Bobby Cornwell

In the midst of storm preparations, as Category 4 Hurricane Michael heads towards the Gulf Coast of Florida and Georgia, Bobby Cornwell, president and CEO of the Florida Association of RV Parks and Campgrounds (Florida ARVC), told WOODALLSCM.com that their offices in Tallahassee were in the path of the storm and being evacuated.

The storm’s sustained winds have increased to about 140 mph, with higher gusts, the National Hurricane Center (NHC) said. The agency said it is possible the storm could strengthen further before it makes landfall by this (Oct. 10) afternoon.

The Florida Panhandle could see storm surges of up to 13 feet and flash-flooding from heavy rainfall, the NHC said. The chance of tornadoes will also increase into Wednesday over parts of the Panhandle, the northern Florida Peninsula, and southern Georgia.

The storm, which formed off the coast of northern Honduras, has already killed at least 13 people in Honduras, Nicaragua and El Salvador. Torrential rains triggered flash-flooding and landslides in Central America over the weekend.

In an email sent out to Florida ARVC members Tuesday afternoon, Cornwell noted that the office may be without power and internet access for days after Michael hits.

“If this is the case, our office phone lines and office email will be down,” the email noted. “If this happens and you have difficulty reaching us, you may contact me by my cell anytime at 850-544-4472. Please feel free to call or text me if you need anything or if you would like to report the status of your park following the storm. I also have another email at [email protected] which can be used if [email protected] is down.”

He also relayed to members that they should heed all evacuation orders.

“Hopefully the storm won’t be as bad as expected, but it is always better to play it safe and evacuate your park if you are in the storm path,” he explained. “After the storm passes please let us know at the Florida ARVC office of your status, any damages, and if your park is open or closed. We will be doing our best to keep-up with the damage reports and will alert media and campers of any vital information. I will be assuming and reporting that all of our members outside the direct path (or outside a 100 mile radius of the path) are safe and open for business. If this is not the case, please let me know.”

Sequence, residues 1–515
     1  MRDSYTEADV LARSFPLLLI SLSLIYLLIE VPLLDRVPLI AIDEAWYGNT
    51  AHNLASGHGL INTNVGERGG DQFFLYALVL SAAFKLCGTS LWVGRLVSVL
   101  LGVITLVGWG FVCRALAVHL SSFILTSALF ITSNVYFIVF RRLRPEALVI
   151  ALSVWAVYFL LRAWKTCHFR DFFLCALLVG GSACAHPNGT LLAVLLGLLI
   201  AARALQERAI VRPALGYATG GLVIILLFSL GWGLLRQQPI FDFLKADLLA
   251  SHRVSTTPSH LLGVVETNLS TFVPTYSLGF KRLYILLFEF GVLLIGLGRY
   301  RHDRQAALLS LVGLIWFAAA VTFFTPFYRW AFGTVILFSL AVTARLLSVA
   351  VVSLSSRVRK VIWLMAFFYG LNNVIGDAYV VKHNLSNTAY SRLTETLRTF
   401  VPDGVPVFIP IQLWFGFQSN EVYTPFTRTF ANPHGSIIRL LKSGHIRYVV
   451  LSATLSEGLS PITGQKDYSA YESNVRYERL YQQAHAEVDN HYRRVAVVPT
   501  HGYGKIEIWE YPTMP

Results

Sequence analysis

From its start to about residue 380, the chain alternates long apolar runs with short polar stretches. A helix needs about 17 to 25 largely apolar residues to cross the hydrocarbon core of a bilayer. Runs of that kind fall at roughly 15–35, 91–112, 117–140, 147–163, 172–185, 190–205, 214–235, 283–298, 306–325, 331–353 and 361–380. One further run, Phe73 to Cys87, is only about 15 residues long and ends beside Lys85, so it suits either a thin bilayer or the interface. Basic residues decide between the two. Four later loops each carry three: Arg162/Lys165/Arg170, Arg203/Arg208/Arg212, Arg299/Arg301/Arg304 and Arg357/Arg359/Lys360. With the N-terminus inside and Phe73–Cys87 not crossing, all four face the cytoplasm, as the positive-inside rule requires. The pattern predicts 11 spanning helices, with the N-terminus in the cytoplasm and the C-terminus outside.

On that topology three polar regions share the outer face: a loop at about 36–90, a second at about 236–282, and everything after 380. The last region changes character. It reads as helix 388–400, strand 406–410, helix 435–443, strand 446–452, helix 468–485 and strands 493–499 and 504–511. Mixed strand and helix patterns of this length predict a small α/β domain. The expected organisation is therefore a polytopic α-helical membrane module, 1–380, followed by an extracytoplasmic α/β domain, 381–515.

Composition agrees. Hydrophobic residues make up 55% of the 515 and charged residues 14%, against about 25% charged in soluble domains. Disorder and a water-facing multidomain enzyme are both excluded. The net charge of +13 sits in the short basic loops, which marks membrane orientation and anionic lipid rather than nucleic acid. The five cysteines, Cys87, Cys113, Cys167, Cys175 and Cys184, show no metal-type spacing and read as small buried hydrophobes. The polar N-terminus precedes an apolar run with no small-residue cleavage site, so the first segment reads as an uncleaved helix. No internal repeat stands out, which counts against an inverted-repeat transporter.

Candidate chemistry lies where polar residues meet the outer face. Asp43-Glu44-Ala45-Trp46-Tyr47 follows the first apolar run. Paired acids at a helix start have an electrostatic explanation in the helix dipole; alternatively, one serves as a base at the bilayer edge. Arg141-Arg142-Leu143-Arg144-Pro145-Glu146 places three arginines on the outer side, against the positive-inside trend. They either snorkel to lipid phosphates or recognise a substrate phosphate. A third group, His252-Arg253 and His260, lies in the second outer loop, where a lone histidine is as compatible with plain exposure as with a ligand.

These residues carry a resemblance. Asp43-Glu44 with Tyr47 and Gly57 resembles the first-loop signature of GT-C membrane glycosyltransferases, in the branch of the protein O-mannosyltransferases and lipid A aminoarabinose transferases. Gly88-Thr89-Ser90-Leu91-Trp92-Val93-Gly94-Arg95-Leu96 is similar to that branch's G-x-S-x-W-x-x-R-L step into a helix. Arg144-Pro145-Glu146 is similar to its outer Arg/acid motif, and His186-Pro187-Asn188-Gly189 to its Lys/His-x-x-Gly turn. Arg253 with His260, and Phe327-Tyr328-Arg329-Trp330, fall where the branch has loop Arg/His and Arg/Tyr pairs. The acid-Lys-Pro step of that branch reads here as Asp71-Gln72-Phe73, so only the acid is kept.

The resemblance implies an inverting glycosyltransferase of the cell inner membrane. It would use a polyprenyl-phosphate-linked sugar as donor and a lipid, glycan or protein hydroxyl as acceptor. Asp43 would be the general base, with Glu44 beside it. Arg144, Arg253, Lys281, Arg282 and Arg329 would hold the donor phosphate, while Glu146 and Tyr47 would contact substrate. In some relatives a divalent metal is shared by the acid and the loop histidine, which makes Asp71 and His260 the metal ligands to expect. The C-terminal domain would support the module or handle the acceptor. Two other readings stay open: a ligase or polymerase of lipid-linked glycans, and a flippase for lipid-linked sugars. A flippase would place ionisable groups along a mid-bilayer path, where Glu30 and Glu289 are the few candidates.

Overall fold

Many parks along the northern Gulf Coast of Florida are closed.

“RV parks and campgrounds along the Coastal Region, from Destin to Cedar Key or from Santa Rosa County to Levy County, are
having to heed emergency evacuation orders and are closing their parks until the hurricane passes,” said Cornwell.

Inland RV parks and campgrounds may be used to accommodate visitors and hurricane evacuees, however.

“Those seeking campground accommodations should have no trouble finding RV sites in Florida as the campgrounds in the northeast region, the center, and the southern parts of the state are far away from the storm path and are open for visitors and evacuees,” Cornwell explained.

For a list of campgrounds and RV parks in Florida, please visit www.campflorida.com.

For more information on RV park availability and updates on the status of Florida RV parks following the storm, please visit www.facebook.com/CampFlorida.